This post on how to turn acquaintances into friends was written by Timon from Techlecticism.com.
In the twelve years I’ve lived on my own, I’ve lived in 6 different cities. If I didn’t want to be forever alone, I had to learn to make friends. Luckily, it worked out. But as Rob can testify, it can be difficult, even weird, as you grow older – especially if you still ask people to build LEGO castles with you (it doesn’t work so well anymore). After leaving the parental nest, moving out for college, or grinding away in your 9-5, it takes a different kind of skill set. But the essence is still the same – if you want to build lasting relationships and turn acquaintances into friends, you need to open up to people and spend time with them.
You probably have acquaintances in your life, like that colleague you get coffee with or that “friend” that you catch up with every two months. But are these people good friends? Do you share your deepest secrets with them? Do you two actually “get” each other. If not, they aren’t a truly good friend. We often have relationships that are casual and superficial, but not very meaningful.
They could be good friends though.
So how do you take the relationship to the next level? Just ask someone to be a better friend? Funny idea, but it won’t work. Try following the organic process of making your acquaintances friends instead. Rather than forcing the relationship, you guide it.
Guiding the friend making process takes time. On average it takes about 50 hours of hanging out to go from acquaintance to casual friend. Becoming genuine friends takes around 90 hours of doing things together. But if you want to become besties, you need to spend 200 wholesome hours of fun time together!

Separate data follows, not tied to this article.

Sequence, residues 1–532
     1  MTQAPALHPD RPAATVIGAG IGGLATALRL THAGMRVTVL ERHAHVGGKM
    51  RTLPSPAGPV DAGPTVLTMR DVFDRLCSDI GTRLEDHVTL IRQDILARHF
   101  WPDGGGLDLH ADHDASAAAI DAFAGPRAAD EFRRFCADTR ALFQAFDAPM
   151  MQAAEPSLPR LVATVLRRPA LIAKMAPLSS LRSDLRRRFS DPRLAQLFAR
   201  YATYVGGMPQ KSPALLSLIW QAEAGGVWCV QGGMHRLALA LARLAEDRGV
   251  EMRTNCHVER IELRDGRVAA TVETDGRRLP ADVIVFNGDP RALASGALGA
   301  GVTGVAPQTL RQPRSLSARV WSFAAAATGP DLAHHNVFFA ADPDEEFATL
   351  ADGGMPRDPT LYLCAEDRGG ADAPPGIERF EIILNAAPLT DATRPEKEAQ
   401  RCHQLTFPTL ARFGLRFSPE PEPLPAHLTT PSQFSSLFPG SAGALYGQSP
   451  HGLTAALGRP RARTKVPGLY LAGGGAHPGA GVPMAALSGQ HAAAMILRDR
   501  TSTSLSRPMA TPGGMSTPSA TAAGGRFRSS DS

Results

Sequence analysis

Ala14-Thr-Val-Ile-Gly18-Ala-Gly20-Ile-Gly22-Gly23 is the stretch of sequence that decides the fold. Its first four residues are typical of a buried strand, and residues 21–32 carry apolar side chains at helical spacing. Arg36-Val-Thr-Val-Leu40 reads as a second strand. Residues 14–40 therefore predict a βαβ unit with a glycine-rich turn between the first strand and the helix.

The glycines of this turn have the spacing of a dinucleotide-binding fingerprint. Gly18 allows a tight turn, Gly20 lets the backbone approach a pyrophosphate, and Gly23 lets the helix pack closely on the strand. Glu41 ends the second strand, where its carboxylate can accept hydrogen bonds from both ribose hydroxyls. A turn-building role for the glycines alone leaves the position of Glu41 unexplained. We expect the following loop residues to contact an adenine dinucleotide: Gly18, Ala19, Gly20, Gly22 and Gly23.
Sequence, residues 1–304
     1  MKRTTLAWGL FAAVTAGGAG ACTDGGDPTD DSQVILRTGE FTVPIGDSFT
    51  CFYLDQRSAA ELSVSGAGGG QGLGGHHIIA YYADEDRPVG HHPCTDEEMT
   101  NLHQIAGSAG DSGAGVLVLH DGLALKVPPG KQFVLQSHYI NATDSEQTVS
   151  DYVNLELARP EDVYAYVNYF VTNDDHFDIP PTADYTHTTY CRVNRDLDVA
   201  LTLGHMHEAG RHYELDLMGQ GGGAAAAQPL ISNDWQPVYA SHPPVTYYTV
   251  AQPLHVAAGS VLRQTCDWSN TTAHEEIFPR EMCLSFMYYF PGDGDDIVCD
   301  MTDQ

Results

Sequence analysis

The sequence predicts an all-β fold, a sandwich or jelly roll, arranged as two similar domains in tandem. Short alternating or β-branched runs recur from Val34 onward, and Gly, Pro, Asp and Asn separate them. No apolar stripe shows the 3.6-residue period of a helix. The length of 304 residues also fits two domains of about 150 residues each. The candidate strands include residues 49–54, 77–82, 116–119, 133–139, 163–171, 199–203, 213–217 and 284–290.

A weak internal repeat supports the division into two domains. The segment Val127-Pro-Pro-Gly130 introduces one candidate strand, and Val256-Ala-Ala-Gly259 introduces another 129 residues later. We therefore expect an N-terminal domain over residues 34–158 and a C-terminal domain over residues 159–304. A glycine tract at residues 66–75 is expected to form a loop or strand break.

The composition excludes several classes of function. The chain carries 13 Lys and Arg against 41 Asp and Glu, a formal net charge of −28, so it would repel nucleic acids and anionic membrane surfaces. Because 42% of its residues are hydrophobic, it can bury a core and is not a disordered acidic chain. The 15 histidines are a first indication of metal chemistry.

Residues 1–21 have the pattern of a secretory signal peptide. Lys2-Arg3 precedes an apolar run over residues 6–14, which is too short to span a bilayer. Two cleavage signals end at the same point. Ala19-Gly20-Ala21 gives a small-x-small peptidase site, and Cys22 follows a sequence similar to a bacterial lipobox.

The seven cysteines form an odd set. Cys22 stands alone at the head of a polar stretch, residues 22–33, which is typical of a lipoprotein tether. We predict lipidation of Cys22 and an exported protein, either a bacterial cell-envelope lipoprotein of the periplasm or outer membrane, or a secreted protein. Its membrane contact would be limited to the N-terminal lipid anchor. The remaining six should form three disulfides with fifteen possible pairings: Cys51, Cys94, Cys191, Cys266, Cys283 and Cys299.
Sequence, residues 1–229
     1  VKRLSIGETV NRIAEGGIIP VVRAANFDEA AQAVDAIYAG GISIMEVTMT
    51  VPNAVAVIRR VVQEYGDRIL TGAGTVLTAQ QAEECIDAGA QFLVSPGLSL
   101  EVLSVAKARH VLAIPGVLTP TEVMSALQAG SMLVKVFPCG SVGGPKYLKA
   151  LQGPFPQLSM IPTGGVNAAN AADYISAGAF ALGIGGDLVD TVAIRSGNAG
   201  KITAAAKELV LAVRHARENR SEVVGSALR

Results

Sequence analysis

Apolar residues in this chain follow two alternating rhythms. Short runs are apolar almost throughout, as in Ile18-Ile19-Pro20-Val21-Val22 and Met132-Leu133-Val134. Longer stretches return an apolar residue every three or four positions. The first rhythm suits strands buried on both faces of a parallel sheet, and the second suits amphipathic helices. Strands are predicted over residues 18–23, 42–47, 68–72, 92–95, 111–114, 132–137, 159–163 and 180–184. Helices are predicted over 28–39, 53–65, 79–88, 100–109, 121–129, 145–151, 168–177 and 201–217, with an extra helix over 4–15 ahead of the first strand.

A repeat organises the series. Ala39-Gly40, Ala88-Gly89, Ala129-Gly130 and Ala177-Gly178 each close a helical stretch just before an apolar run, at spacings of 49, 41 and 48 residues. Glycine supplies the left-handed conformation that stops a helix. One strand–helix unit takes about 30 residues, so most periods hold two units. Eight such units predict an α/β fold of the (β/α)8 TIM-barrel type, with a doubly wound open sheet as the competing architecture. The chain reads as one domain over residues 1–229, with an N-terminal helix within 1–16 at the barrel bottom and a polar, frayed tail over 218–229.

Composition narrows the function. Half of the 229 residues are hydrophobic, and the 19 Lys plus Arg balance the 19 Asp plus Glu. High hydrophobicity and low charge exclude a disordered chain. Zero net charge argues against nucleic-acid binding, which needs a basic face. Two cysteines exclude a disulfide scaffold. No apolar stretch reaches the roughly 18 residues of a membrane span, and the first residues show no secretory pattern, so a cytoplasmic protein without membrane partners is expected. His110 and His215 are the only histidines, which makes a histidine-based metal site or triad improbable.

These are just rough numbers though. Some activities (like asking the right questions) will build a friendship faster than others. But it relays an obvious truth – you’ve gotta put in the time.
So ask yourself, who do you want to be friends with? You can’t invest 200 hours of sweet friendship making with everyone. Choose the right people to befriend. If at any stage you think, hmmmm, this guy/gal is an ass, don’t be afraid to stop! There’s no use befriending toxic people. Don’t befriend people just because you’ve already invested some time, do it because you like someone.
That means not being a drag yourself as well! If you want to draw people closer, embrace positivity. Be upbeat and energetic. Nobody wants to hang out with a depressing source of constant complaints. Don’t be arrogant either, no matter how intelligent you are. Just like you, people want to have fun. Hanging out with you should have a certain levity. People want to be uplifted by you, not dragged down.
The irony might be that you want friends around you to feel better. But the first order of business is to start enjoying your life, pronto! Do things that you truly love. If you’re positive first, making friends will follow. So hone and cultivate your positive side. Show that you enjoy life, and share that enthusiasm!
(Too hard? Fine! Bond over your mutual hate of things and find enjoyment in that.)
Have fun as you slowly become friends, and don’t overanalyze all your actions. But do think in advance of the two processes of making new friends: opening up and spending time together, the two intertwined mechanisms of bonding. Let’s elaborate.
Making someone your buddy means creating an intimate bond. A bond between two people is not one link. Imagine it more as many small threads binding you to someone else. All these small threads create a strong bond. Being a bit acquainted means you have a few links. Being best buds is an unbreakable matrix of threads linking you.
Creating these links is done by opening up, creating connections, and finding out where you already link. Also, you need to accept others as they open up to you.
What do I mean by opening up? You share something that you wouldn’t tell to just anyone. You offer to help them. You show interest and your true thoughts, leaving yourself vulnerable.
Help someone out by doing them a favor. Invite them for a beer after work. If you open up and extend the invitation, you open the opportunity for friendship. If they accept, a small link is made.